• Leaves decussately opposite, simple and entire; stipules 2–4 at each side of the leaf base; petiole 3–11 mm long, green or red; blade elliptical to obovate or narrowly obovate, 2.5–8.5 cm × 1–4 cm, base cuneate, apex obtuse or acute with a mucronate tip, herbaceous to thinly leathery, glossy green above and pale green below, sparsely shortly hairy to glabrous on both sides.
  • Inflorescence terminal, but apparently lateral, 1–2-flowered.
  • Flowers bisexual, 5-merous, regular, almost sessile; sepals slightly fused at base, (2–)3–5 mm long, erect, green; corolla tube cylindrical, 2–3 cm long, widening near the top at the insertion of the stamens, laxly shortly hairy to glabrous outside, with a ring of hairs in the throat and another lower down the tube, greenish, lobes broadly obovate, 1–2(–3) cm long, apex mucronate, glabrous, spreading, pink, rose-purple or white with a purple, red, pink, pale yellow or white centre; stamens inserted just below the corolla throat, included, filaments very short; ovary superior, consisting of 2 very narrowly oblong carpels, style slender, 15–23 mm long, with a cylindrical pistil head provided at base with a reflexed transparent frill and with rings of woolly hairs at base and apex, stigma glabrous.
  • Fruit composed of 2 free cylindrical follicles 2–4.5 cm long, striate, laxly shortly hairy to glabrous, green, dehiscent, 10–20-seeded.
  • Seeds oblong, 2–3 mm long, grooved at one side, black.
  • Seedling with epigeal germination.

Other botanical information

Catharanthus comprises 8 species, all originating from Madagascar except for Catharanthus pusillus (Murr.) G.Don, which is restricted to India and Sri Lanka. Catharanthus is very closely related to Vinca. No consistent qualitative differences have been found in alkaloid composition in relation to the different colours of the corolla of Catharanthus roseus.

Catharanthus coriaceus

Catharanthus coriaceus Markgr. is a rare species of central Madagascar. A leaf decoction is used to treat bilious fevers and dysentery. The bitter flowers are given to people with diabetes, who chew them to lessen their appetite. A decoction of the aerial parts was formerly drunk as an ordeal poison.

Catharanthus longifolius and ovalis

Catharanthus longifolius (Pichon) Pichon and Catharanthus ovalis Markgr. occur in southern-central Madagascar. An extract of the aerial parts of either species is given to humans or calves to expel worms. A concentrated extract was formerly drunk as an ordeal poison. They are both rich in indole alkaloids, including several bisindole alkaloids. Catharanthus ovalis contains the pharmacologically active leurosine, vindoline, vindolinine, coronaridine, catharanthine and vinblastine (vincaleucoblastine), whereas from Catharanthus longifolius e.g. vindolicine was isolated. Natural hybrids exist between Catharanthus longifolius and Catharanthus roseus, and artificial hybrids have been made between Catharanthus ovalis and Catharanthus longifolius.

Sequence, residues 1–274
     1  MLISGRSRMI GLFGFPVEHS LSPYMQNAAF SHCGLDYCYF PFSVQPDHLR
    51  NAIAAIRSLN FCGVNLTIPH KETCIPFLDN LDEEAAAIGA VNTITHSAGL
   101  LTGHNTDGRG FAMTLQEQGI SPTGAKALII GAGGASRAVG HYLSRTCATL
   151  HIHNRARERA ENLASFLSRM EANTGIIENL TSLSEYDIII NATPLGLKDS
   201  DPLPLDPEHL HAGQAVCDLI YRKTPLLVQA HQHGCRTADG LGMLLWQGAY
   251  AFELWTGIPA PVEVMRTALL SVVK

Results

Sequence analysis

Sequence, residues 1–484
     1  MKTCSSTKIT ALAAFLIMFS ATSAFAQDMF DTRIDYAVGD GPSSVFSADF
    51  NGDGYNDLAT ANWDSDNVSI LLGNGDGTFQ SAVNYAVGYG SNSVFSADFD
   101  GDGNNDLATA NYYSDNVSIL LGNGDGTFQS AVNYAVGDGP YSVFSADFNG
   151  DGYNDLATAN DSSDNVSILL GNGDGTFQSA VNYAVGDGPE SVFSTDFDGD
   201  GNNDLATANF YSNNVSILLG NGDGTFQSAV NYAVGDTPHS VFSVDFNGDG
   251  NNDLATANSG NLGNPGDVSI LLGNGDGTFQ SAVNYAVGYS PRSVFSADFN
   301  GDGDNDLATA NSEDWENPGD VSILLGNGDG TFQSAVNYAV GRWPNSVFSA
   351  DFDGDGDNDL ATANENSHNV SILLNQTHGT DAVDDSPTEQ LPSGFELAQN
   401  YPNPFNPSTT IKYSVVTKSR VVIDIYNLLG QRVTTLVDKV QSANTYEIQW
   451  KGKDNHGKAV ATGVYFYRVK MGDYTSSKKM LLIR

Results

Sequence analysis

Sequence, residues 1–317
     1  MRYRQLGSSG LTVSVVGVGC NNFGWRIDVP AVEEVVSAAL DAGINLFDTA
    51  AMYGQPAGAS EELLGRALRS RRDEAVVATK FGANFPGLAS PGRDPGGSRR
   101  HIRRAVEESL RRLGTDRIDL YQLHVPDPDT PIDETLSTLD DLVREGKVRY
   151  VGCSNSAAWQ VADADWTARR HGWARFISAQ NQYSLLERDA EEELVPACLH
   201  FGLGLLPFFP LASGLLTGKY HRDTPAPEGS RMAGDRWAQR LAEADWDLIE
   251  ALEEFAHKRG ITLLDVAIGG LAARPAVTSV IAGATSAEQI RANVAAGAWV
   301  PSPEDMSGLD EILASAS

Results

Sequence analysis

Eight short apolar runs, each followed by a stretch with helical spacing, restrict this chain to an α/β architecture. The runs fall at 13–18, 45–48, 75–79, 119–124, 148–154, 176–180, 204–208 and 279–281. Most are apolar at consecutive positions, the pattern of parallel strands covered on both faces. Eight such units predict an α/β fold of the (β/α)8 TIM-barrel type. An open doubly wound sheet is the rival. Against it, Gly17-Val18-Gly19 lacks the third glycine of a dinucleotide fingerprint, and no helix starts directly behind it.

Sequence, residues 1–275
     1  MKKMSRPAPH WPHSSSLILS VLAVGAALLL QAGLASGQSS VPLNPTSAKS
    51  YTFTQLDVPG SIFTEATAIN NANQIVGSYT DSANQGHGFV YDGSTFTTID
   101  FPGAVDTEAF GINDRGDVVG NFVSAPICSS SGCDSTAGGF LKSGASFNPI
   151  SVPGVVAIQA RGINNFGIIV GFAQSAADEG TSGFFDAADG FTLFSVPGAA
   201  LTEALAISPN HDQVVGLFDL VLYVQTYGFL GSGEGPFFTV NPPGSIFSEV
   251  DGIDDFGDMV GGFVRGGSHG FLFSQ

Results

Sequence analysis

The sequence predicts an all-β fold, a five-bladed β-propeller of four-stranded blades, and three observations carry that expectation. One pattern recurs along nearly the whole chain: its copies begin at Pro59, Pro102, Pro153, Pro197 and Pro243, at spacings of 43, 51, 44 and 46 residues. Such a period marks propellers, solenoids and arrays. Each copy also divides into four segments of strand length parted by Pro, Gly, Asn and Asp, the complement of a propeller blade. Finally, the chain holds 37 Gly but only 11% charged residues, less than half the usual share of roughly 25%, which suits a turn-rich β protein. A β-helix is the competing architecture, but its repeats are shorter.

Growth and development

Catharanthus roseus is usually self-compatible, and intra-flower self-pollination is common, because the stigma may come into contact with the anthers, even after anthesis. The degree of outcrossing may vary with environmental conditions and the presence of seasonal pollinating butterflies. Self-incompatible strains of Catharanthus roseus exist and can be locally common. In warmer climates, Catharanthus roseus will flower and fruit the whole year round. The seeds usually fall close to the mother plant, but are sometimes transported by ants. Within 6–8 weeks after germination the first flowers will appear. At temperatures below 5°C some branches or even the whole plant will die. When the temperature rises, the plant will regrow from basal axillary buds, especially after hard pruning of shoots and roots. Without pruning, the plant regrows mainly from the tops.

Tetraploid plants, induced with colchicine, have been found to have much higher alkaloid content than diploid plants, but the doubling of chromosomes was found to result in reduced pollen fertility and poor seed set.


Catharanthus roseus often occurs in sandy locations along the coast, but also inland on river banks, in savanna vegetation and in dry waste places and roadsides, sometimes in open forest or scrub, usually on sandy soils, but sometimes also on rocky soils. It is very salt-tolerant, and is mostly found near sea-level, but occasionally up to 1500 m altitude. It can stand drought well, but not severe heat. Under severe water stress the alkaloid content of mature leaves was found to double, but it did not change in stems and immature leaves and it decreased in roots.

Propagation and planting

Catharanthus roseus is usually propagated by seed. Seed may remain dormant for several weeks after maturity. The optimum temperature for germination is 20–25°C, and the germination rate is in general over 95%. The seeds remain viable for 3–5 years. If the germination rate is low, this might be due to storage under too dry conditions. Seedlings can be potted after 3 weeks. Catharanthus roseus can also be propagated vegetatively by greenwood or semi-ripe cuttings rooted in a closed container with bottom heat. When rooting powder is used, the cuttings will start to root after 4–5 weeks. Putting cuttings in water will also induce rooting but it will take longer than in the soil.